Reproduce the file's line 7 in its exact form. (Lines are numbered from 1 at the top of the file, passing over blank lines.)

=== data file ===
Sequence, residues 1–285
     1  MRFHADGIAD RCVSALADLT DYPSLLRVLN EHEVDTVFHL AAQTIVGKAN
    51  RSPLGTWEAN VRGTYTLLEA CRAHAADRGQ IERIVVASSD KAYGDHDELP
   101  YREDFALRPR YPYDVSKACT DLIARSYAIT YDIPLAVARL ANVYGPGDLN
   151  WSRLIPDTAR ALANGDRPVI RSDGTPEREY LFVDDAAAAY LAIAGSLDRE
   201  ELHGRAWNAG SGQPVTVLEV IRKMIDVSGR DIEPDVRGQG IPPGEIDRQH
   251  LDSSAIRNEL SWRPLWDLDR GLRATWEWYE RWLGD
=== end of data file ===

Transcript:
   251  LDSSAIRNEL SWRPLWDLDR GLRATWEWYE RWLGD